Emergency Legislation Results in Tougher Drinking-and-Driving Laws in D.C.
A new D.C. law, which took effect on August 1, 2012, has increased penalties for people convicted of driving while intoxicated (DWI), driving under the influence (DUI) and operating while impaired (OWI). For example, the penalty for a first-time conviction in a DUI/DWI case has gone up from a maximum fine of $300 and 90 days in jail to a $1,000 fine and 180 days of incarceration.
The new law also increases mandatory penalties for first-time offenders with elevated blood alcohol levels and for repeat offenders. For example, first-time offenders with a blood alcohol level of at least 0.20 grams per 100 milliliters of blood or per 210 liters of breath will be sentenced to a 10-day mandatory-minimum term of incarceration, up from 5 days under the old law. The mandatory minimum for people convicted of a second offense within a 15-year period has done up from a $1,000 fine and 5 day term of imprisonment to a $2,500 fine and 10 day period of incarceration. First-time offenders proven to have a Schedule I chemical or controlled substance (e.g, LSD and certain opiates) in their system will be subject to a mandatory-minimum term of incarceration of 15 days.
The new law also seeks to put D.C.’s troubled drinking-and-driving program back on track, effective October 1, 2012, through a new “Alcohol Testing Program.” The law includes provisions for training and certifying D.C. law enforcement personnel in the operation of breath test instruments. It assigns responsibility for ensuring the accuracy of blood and urine testing to the D.C. Office of the Chief Medical Examiner (CME).
A lesser noticed provision of the new law allows an official copy of the results of any blood, urine, or breath test to be admitted at trial as substantive evidence against the suspect without the presence or testimony of the technician or police officer who administered the test. This is based on the requirement that, in the case of a breath test, the administering official certifies that the test was conducted in accordance with the manufacturer’s specifications in the case of breath tests or, in the case of blood or urine tests, that the test of the specimen is certified to be accurate by the CME’s chief toxicologist. The suspect may compel the attendance and testimony of the technician or police officer by stating, in writing, the reasons why the accuracy of the test result is in issue and by requesting, also in writing, at least 15 days in advance of the proceeding that such official appear at the proceeding. The suspect has to be informed of this requirement at the time such person is charged. A failure to give time and proper notice after being so informed will constitute a waiver of this right.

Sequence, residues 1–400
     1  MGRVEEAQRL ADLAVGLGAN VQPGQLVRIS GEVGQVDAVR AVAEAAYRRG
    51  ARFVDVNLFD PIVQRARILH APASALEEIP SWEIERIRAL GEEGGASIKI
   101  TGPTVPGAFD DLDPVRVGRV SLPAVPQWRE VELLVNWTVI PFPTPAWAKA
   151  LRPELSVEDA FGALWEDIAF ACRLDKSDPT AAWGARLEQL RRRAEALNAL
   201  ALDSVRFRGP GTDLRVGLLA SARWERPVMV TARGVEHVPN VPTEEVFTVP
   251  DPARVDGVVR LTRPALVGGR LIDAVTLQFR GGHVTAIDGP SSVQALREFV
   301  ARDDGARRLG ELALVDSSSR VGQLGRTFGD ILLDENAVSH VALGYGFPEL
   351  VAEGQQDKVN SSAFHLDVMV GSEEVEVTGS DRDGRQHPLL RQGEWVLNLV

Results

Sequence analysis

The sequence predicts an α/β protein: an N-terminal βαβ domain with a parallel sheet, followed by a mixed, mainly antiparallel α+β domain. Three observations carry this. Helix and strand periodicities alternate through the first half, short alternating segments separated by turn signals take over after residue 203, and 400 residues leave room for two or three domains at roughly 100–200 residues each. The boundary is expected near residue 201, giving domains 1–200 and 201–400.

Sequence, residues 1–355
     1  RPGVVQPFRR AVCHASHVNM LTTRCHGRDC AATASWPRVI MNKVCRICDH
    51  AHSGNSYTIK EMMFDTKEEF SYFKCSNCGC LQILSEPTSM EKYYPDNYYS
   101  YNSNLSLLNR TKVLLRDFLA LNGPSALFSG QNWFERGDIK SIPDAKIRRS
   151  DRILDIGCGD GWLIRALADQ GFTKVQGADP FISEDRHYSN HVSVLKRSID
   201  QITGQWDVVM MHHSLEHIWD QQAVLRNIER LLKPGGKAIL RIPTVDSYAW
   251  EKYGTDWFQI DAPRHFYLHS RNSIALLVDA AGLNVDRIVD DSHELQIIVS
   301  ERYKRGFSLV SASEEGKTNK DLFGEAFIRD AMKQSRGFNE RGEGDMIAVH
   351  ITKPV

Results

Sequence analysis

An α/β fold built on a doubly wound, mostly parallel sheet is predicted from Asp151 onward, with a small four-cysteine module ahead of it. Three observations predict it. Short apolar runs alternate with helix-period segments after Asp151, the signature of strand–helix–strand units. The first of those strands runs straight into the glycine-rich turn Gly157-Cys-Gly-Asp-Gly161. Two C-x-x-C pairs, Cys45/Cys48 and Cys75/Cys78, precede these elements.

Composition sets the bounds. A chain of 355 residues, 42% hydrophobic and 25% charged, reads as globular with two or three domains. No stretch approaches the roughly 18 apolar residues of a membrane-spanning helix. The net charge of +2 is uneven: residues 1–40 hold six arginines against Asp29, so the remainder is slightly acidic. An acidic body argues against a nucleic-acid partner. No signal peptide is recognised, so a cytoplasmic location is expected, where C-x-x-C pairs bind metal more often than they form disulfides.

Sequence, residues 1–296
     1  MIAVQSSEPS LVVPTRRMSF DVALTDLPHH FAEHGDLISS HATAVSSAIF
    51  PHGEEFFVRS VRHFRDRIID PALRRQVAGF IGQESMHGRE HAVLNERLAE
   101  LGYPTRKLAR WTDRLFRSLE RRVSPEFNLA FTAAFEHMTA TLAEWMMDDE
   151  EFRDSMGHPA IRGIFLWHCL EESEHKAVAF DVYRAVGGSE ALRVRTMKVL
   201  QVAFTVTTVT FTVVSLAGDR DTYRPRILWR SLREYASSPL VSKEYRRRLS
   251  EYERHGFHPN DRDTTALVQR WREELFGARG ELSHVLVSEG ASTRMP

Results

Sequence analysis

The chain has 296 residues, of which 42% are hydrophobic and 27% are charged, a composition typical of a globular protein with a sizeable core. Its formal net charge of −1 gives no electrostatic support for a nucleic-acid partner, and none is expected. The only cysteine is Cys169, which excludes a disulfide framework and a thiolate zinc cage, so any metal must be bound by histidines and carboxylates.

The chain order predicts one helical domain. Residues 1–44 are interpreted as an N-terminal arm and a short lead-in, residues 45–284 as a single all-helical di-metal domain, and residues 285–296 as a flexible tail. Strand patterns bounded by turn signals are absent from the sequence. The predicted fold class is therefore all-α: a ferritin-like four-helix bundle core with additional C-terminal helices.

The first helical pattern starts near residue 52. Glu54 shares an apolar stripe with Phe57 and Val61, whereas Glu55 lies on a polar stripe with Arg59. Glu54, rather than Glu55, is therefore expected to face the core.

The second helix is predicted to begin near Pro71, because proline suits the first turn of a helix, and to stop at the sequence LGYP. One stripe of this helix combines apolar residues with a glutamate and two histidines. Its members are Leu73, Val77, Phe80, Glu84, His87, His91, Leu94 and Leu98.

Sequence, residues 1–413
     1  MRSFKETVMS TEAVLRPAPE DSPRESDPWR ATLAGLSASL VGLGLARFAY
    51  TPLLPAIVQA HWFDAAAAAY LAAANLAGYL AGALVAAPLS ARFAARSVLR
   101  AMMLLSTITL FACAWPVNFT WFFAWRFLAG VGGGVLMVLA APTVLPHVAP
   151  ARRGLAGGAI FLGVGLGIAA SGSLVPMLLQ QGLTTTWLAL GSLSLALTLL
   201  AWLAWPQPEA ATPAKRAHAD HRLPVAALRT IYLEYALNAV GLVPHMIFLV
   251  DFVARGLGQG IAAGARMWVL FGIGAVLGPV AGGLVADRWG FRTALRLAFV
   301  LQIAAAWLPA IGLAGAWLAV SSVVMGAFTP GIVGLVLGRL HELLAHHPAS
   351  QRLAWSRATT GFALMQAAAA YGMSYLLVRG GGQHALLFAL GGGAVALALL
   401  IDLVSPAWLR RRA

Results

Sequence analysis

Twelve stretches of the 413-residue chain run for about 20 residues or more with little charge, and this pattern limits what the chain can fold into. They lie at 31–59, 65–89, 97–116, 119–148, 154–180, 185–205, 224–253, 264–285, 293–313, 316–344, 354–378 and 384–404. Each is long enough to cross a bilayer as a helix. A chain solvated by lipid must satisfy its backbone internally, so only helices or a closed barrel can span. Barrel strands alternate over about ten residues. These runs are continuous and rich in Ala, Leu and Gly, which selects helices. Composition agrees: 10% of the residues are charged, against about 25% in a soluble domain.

Finally, the new law sets a blood alcohol limit of 0.04% for commercial vehicle operators; imposes a mandatory-minimum term of incarceration of five days for offenders with a minor in the car; sets out new procedures for impounding the car of a person arrested for drinking-and-driving; and authorizes the Office of the Attorney General to charge for admission into a diversion program.